Of the 54 cancers identified, 41 were in the gastrointestinal tract. Six of the nine patients with gastric cancer had an upper gastrointestinal investigation and one had upper and lower. One died before investigation, and further investigation was not thought appropriate for another.
Of the 32 lower gastrointestinal cancers, two were recurrent tumours at the time of the IDA. Twelve patients had lower gastrointestinal investigations only and 10 had upper and lower; one patient died before investigation, one refused investigation, two were considered unfit, and four had no investigations at the time. One patient had had upper and lower investigations but the enema was noted to be unsatisfactory and it was suggested that if the anaemia recurred a repeat was indicated. Overall, 29 of the 41 gastrointestinal cancers (22 lower, seven upper) were found as a result of satisfactory gastrointestinal investigations.
Sixty six patients died within a year of the diagnosis of anaemia, including 21 from gastrointestinal cancer, six from other gastrointestinal disease, and six from other cancers.
Overall the management and follow up of patients presenting to their general practitioners with IDA is suboptimal with a quarter of patients otherwise fit for investigation having no consideration of further tests at all and 40% not having a normal haemoglobin recorded within 12 months. A computerised prompt for the management of patients with iron deficiency anaemia resulted in a small but significant improvement in the initial prescribing of iron but failed to improve the follow up and adequacy of investigation undertaken to find its cause.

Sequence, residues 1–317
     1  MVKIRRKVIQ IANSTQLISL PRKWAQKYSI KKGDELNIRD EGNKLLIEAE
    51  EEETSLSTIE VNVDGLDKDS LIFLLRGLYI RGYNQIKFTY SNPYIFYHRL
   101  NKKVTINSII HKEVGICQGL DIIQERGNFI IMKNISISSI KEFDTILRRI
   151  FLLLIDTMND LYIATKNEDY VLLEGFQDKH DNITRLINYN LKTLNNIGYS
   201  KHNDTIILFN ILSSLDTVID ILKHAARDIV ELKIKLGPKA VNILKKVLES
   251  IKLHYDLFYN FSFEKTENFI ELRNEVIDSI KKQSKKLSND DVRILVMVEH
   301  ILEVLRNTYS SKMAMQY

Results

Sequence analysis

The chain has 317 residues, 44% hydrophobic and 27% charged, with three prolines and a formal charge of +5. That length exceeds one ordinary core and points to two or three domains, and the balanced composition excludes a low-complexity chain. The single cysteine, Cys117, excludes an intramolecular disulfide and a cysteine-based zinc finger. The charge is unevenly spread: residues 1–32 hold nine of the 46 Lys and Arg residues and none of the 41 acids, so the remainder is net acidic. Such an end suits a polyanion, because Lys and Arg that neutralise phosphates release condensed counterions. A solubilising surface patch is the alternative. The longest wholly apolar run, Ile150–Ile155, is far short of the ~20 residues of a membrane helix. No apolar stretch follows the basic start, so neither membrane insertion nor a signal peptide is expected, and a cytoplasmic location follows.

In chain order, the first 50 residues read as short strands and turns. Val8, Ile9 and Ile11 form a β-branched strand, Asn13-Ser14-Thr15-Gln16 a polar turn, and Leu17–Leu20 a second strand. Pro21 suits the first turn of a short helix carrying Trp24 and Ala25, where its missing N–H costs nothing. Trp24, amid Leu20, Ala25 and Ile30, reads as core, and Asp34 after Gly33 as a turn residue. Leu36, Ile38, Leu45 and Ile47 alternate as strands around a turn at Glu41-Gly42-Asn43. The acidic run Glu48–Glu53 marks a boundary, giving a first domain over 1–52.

We consider that the levels of haemoglobin, mean cell volume, and red cell count chosen were reasonable indicators of iron deficiency and that patients should have been managed accordingly. The mean cell volume was chosen rather than the mean corpuscular haemoglobin as this is the index general practitioners would use to define the type of anaemia. We did not require confirmation of iron deficiency as a normal serum ferritin should not preclude further investigation of a hypochromic microcytic anaemia. The prevalence of haemoglobinopathies is small in the districts concerned and patients with a previous anaemia within the year were ineligible, thus excluding the majority of cases of anaemia of chronic disease.
Our patient population differs from those of most other studies which have looked at outcomes of patients with IDA referred to hospitals,6–11 as it includes patients who were unlikely to benefit from investigation (91/431, 21%) including patients who refused tests (33/431, 8%).